Probably not. Jeff Bezos already has a very large soapbox and more than enough money to meddle. (His personal fortune is estimated at $25 billion.) What should concern Americans is the contrast between the behavior Bezos exhibits as a businessman and the behavior he promotes in his customers.

Buying (into) Climate Change

According to McCorvey, Bezos presumes that his customers’ choices are decided largely by price and speed: “In Bezos’s world, the goal of the coming decade is a lot like the goal of the past two: Be cheap. Be fast. That’s how you win.”

Katharine Graham
Post publisher, the late Katherine Graham (Photo credit: The Washington Post)

But the business strategy Bezos has devised for Amazon.com, as described by McCorvey, is surprisingly long-term and accepts “paper-thin profits” in the interim. Bezos seems to have the ability to see the bigger picture and the patience to put long-term progress over short-term profits and pleasures. And in pursuit of his goals, Bezos values unvarnished data about how well Amazon’s complex systems are operating.

Bezos the business strategist thus seems capable of rationally assessing and responding to a complex, long-term, and world-wide collective problem like climate change. His actual business strategy, however, is wholly devoted to meeting the simple material, short-term, and individual preferences of Amazon.com’s customers. That behavior, imaginatively writ large by Sloan and Thomas, does not bode well for collective national action on climate change.

The question, then, is whether Bezos will use his business acumen to help the Post’s reporters achieve their public mission as journalists, or will he use it to speed the personal commodification of the news.

One point in favor of supporting journalists instead of replacing them is that the human mind can do things computer algorithms cannot. It was the media commentators and analysts who recalled EPIC 2014 when they heard about Bezos’s purchase of the Post. They could leap from “Bezos,” “The Post,” and “purchase” to “merger,” “Googlezon” and “The Times.” Amazon’s and Google’s algorithms can make these kinds of connections only if humans make them, many times over, first.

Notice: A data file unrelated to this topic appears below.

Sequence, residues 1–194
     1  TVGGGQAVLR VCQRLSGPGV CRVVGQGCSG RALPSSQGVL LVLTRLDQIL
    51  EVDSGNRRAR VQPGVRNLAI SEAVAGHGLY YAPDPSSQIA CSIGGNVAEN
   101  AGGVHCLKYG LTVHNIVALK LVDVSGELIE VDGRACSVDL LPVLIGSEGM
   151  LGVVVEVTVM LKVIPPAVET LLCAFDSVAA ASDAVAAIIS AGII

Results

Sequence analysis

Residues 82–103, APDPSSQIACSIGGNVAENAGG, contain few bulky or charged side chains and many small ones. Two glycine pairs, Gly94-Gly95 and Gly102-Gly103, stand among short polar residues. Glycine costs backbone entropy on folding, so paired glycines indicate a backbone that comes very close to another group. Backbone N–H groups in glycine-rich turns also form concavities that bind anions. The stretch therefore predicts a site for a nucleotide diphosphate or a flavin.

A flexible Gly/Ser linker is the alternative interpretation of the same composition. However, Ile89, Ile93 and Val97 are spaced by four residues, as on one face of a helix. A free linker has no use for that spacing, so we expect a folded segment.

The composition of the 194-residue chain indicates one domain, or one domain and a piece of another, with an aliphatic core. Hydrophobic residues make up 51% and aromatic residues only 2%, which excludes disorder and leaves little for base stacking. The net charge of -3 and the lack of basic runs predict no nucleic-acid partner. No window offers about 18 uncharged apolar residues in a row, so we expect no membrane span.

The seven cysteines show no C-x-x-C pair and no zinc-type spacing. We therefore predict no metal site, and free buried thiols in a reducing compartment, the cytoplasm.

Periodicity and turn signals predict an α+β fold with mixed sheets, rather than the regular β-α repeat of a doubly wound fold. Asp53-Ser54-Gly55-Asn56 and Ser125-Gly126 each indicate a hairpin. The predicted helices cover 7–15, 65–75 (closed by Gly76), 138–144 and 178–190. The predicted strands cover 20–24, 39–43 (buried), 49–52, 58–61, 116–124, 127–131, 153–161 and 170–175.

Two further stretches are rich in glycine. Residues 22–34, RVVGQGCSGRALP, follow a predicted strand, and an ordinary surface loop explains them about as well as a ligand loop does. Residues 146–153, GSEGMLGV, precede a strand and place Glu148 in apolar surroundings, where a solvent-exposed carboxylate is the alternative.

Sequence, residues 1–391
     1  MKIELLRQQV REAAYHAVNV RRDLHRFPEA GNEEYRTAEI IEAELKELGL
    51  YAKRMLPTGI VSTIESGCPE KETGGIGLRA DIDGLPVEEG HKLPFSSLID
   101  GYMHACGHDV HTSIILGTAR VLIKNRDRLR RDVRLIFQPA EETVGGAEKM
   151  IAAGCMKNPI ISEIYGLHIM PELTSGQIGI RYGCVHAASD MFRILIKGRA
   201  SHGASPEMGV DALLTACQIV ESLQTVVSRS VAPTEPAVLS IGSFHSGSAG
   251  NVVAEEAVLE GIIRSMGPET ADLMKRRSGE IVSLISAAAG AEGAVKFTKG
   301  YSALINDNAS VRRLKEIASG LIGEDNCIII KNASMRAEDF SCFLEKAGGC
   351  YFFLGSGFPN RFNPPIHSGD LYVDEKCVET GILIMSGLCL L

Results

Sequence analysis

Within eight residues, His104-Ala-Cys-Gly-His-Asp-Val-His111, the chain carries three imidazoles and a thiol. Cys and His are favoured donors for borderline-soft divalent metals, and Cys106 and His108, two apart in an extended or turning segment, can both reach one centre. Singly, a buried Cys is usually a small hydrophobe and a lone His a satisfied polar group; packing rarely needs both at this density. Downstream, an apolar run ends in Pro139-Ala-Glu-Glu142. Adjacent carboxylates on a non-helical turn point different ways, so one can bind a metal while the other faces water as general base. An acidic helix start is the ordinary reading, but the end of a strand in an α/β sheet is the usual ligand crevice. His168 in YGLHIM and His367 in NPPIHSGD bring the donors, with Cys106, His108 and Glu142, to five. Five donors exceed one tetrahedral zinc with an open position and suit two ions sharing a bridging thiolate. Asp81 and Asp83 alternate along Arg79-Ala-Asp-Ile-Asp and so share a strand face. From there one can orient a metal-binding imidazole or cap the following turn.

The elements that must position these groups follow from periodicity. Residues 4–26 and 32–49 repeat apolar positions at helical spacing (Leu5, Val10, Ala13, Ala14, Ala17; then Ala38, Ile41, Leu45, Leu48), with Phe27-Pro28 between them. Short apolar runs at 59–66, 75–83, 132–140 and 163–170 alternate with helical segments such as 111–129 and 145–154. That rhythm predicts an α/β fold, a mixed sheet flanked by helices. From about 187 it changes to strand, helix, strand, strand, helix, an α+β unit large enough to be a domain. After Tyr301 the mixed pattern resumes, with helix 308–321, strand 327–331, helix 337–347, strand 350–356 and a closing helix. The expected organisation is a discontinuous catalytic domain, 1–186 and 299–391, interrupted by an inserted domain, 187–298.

Looking Back on EPIC 2014 from August 2013

Although his flashmovie has been mentioned in several posts over the past two weeks, Robin Sloan himself has not been quoted. Contacted by The Yale Forum to comment on his nearly decade-old prognostications, Sloan first explained that “[he doesn’t] follow the news industry that closely anymore” and then framed his work in EPIC 2014 in this somewhat unexpected way:

Science fiction is always as much about the present as the future, as much about our world as any other. So really, EPIC 2014 was mostly a statement about the news industry in 2004: what Matt and I saw, what we hoped for. If there are some predictions in the piece that seem spookily accurate today, there are others that have been proven truly goofy. (“Newsbotster”?) I guess I’m just happy that things have changed so much in the last nine years. The thing that bothered me most back then was the sense of complacency — of an industry standing in place. You can bet that nobody’s complacent now.

Has Sloan himself moved beyond EPIC 2014 and Amazon.com? Yes and no. His most recent work, a book published in October 2012, is a novel — about a brick and mortar bookstore, with a mysterious business plan.

*dystopic — Think of a dystopic place as being the opposite of a Utopian one. A definition from Merriam Webster online: “an imaginary place where people lead dehumanized and often fearful lives.”